David Cameron urges more airstrikes in Syria

Prime minister tells parliament that Britain can not outsource its security to others

 British prime minister David Cameron  in the House of Commons as he argued the case for Britain to join air strikes in Syria. Photograph: AFP Photo/ Getty Images

British prime minister David Cameron in the House of Commons as he argued the case for Britain to join air strikes in Syria. Photograph: AFP Photo/ Getty Images

 

David Cameron told MPs that attacking Islamic State in Syria would help make the United Kingdom safer, adding that the country could not outsource its security to others.

In a lengthy statement outlining the case for extending airstrikes into Syria, and during a two-hour debate that followed, Mr Cameron said this month’s attacks in Paris could just as well have been in London.

“If we believe that action can help protect us, then, with our allies, we should be part of that action, not standing aside from it,” he said. “From that moral point comes a fundamental question: if we will not act now, when our friend and ally, France, has been struck in this way, then our allies in the world can be forgiven for asking, ‘If not now, when?’ ”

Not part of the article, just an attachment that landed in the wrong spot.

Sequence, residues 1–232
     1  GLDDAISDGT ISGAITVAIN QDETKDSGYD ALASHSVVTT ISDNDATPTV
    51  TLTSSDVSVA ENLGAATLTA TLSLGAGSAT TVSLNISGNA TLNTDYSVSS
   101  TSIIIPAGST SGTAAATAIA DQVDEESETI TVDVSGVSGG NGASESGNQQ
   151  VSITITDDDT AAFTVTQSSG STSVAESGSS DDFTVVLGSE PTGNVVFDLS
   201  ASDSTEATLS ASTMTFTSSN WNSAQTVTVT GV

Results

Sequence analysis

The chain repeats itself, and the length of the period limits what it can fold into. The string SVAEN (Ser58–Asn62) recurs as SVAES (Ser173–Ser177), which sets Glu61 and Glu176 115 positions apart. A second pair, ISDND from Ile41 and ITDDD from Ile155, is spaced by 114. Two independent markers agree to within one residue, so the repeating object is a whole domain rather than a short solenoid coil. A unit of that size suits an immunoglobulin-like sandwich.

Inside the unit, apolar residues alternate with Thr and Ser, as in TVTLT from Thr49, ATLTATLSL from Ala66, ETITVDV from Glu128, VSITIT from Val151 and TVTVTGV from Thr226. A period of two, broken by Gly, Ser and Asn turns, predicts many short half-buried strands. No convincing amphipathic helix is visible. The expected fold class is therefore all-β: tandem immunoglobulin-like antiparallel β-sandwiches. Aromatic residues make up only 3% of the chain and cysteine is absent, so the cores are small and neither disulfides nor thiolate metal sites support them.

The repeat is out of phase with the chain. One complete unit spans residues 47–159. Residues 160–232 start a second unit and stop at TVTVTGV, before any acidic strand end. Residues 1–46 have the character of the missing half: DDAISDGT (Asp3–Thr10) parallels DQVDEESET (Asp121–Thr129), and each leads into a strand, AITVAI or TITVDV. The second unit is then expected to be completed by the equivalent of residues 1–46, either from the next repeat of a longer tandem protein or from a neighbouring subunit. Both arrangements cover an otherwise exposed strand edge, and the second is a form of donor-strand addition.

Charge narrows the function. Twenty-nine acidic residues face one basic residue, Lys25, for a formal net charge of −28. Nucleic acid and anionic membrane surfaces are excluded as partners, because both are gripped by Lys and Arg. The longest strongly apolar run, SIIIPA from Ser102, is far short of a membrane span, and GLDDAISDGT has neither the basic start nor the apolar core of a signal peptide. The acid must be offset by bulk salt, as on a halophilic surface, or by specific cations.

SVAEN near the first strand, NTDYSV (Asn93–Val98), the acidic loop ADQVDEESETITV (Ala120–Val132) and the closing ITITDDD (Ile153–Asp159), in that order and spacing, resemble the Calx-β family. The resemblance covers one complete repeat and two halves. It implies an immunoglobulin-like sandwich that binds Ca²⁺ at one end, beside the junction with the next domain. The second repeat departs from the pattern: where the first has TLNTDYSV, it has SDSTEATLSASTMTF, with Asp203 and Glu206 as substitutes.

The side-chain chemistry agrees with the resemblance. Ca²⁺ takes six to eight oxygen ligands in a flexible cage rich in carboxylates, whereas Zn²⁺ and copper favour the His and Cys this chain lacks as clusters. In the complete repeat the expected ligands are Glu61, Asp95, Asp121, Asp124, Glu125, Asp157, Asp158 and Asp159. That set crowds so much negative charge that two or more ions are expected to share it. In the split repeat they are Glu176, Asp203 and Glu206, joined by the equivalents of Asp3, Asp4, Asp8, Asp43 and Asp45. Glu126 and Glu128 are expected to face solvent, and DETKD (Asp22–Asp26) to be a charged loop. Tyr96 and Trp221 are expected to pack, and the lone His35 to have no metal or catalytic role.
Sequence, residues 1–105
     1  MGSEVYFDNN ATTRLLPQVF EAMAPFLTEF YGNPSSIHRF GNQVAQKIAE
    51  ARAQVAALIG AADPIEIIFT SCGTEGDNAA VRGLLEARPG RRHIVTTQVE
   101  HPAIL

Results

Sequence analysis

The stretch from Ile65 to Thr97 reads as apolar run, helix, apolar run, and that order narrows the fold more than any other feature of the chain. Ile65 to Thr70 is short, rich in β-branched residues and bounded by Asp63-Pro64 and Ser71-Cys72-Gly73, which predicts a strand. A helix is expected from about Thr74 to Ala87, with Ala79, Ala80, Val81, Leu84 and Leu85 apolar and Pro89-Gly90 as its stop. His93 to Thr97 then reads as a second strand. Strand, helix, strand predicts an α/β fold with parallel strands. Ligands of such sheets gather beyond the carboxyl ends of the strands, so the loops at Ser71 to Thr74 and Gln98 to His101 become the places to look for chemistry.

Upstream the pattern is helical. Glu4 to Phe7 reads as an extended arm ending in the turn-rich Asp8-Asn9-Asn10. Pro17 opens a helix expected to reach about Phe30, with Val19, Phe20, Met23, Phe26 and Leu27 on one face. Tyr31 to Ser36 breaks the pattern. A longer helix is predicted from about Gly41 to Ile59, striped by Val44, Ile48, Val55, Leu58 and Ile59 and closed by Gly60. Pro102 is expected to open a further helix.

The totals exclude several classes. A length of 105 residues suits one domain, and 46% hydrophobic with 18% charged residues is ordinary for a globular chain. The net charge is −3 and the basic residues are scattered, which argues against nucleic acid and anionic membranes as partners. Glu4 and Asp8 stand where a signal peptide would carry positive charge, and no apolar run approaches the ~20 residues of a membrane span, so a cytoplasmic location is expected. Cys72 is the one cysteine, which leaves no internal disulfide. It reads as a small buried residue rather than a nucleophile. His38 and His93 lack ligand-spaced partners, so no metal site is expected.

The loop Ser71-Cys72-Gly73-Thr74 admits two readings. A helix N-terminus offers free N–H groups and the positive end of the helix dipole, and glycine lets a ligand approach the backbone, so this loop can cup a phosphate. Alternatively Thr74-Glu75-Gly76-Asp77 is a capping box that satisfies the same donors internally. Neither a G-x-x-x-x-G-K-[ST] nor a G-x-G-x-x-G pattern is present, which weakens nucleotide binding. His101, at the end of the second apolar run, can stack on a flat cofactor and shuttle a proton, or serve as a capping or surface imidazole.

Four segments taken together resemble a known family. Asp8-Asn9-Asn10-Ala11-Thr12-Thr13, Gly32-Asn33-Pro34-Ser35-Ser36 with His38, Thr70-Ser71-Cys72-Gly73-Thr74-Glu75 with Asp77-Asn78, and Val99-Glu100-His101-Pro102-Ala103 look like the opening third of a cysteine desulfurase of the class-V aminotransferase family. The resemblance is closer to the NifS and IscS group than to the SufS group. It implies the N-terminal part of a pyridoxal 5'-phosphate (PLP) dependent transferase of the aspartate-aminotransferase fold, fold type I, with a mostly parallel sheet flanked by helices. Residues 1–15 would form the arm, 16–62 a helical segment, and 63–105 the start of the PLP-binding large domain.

The prime minister hopes to put military action to a vote next week but would do so only if he was confident it had the backing of a “clear majority”.

He said a long-term solution in Syria could be achieved only through a combination of counterterrorism, political and diplomatic engagement, and military and humanitarian action.

Political transition

Iraq

“But I am also clear about the sequencing that needs to take place. This is an ISIL-first strategy,” he said.

Labour leader Jeremy Corbyn sought more detail on the likely efficacy of UK airs strikes in Syria and asked for an assurance that British ground troops would not be deployed there. Mr Cameron ruled out sending ground troops but the Labour leader made plain his scepticism about the usefulness of western military action in the region.

“In the light of the record of western military interventions in recent years, including in Iraq, Afghanistan and Libya does the prime minister accept that UK bombing of Syria could risk more of what President Obama called ‘unintended consequences’ – and that a lasting defeat of Isis can only be secured by Syrians and forces from within the region?” he said.

Shadow cabinet

Mr Corbyn and some of his close allies in the shadow cabinet oppose military action but most Labour frontbenchers are understood to favour it.

The Scottish National Party’s Angus Robertson said that, like the Labour leadership, he had received a national security briefing on the threat from Islamic State, also known as Isis, on Wednesday night. But he suggested his party would still vote against military action on the basis there were too many “unanswered questions”.

The Democratic Unionist Party’s Nigel Dodds said he could see the case for attacking Islamic State but warned past foreign policy failures had sapped popular enthusiasm for military intervention in the Middle East.